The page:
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requirements of N.J.S.A. 39:10-1 (hereinafter called "the act") is prerequisite to recovery and that since plaintiffs have never had the certificate of ownership required by N.J.S.A. 39:10-6 they are barred. Particular reference is made by defendants to the interpretation of Eggerding v. Bicknell, supra , by the court in Velkers v. Glens Falls Ins. Co., supra , as follows:
Eggerding is authority for the proposition that in order to effectively transfer title to a motor vehicle for insurance purposes, there must be strict compliance with the statutory directions. Whether or not an insured is the "owner" of a motor vehicle depends on whether the statutory prerequisites relating to the transfer of title have been satisfied. [93 N.J. Super. at 516]
Defendants further note that the policy by its terms applies only to a vehicle "ownership of which is acquired by the named insured during the policy period." It is contended that ownership contemplates a transfer to the insured in compliance with the act. Defendants further argue that the circumstances under which plaintiffs obtained the vehicle preclude the court from determining that there is no dispute of fact as to whether plaintiffs were bona fide purchasers of the vehicle.
Though the language of the opinions cited lends support to defendants' position with respect to strict enforcement of the act this court believes them distinguishable and not declaratory of the rule for this case. In Eggerding v. Bicknell, supra , the court held that a car dealer who had collected the full consideration for the sale of a car was still the owner so that its vendee, who had obtained possession of the car though not complying with the transfer provisions of the act, was protected by the dealer's liability insurance policy. Norris v. Allstate Ins. Co., supra , ruled that on the record presented a second automobile acquired by an insured qualified for automatic insurance coverage on an existing policy. In Merchants Indemnity Corp. v. Eggleston, supra , the Appellate Division held that a person in whose name a vehicle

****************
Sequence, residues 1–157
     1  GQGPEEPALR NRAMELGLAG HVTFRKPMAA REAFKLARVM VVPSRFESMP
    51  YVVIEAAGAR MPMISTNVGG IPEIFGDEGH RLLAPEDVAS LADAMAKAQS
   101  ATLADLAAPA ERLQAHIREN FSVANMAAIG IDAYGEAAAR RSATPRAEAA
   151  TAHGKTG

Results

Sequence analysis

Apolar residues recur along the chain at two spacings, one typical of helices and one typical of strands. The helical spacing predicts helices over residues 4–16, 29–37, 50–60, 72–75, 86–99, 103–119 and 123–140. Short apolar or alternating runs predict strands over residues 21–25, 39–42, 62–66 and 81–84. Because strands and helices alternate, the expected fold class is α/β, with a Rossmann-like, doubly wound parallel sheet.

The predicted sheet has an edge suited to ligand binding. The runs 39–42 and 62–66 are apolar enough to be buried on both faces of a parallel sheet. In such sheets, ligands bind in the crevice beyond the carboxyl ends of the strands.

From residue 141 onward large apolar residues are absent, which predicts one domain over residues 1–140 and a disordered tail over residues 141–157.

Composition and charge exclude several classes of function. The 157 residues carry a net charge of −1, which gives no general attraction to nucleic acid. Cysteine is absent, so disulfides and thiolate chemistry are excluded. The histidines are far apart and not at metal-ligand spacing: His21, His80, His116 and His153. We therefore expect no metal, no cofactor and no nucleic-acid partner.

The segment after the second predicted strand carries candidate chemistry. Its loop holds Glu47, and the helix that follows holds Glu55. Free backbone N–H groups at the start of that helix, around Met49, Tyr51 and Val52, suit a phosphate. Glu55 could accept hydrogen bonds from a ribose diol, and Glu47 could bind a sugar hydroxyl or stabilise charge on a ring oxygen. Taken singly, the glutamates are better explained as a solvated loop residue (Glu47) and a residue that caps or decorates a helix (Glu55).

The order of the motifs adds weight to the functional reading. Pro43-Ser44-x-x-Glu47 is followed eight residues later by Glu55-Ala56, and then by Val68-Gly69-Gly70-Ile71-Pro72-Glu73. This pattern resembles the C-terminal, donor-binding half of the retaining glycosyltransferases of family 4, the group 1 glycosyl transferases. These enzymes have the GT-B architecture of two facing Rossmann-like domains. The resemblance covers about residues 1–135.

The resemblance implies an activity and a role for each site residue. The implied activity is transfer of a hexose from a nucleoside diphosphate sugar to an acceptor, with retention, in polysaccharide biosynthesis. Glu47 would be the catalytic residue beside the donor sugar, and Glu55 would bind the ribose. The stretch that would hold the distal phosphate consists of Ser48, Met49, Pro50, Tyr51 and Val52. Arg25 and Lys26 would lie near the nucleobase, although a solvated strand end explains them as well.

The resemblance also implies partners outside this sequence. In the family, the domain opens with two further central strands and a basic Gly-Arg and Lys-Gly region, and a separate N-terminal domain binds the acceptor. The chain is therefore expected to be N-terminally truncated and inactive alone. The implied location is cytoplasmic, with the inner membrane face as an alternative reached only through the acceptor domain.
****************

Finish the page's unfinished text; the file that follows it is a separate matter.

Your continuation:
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was registered even though not paying the consideration could be considered the owner for insurance purposes so that the person paying the actual consideration and driving with the registered owner's consent would be covered by a policy listing the titled owner as owner. In Velkers v. Glens Falls Ins. Co., supra , the court held that a person who had traded in a car to a motor vehicle dealer remained the owner of the car pending compliance with the act. The effect of the decision was that the operator of the car, the son of the transferor who borrowed it back from the dealer, had liability coverage from the transferor's carrier, Indemnity Insurance Company of North America, notwithstanding the valid disclaimer by the dealer's carrier, General Accident, Fire & Life Insurance Corporation, Ltd., for lack of notice. Additionally, the driver had obtained his own coverage from Glens Falls Insurance Company. That company was estopped from disclaiming by reason of its defense without a reservation of rights. Thus, the court determined the liability of two of the carriers on grounds independent on the ownership doctrine.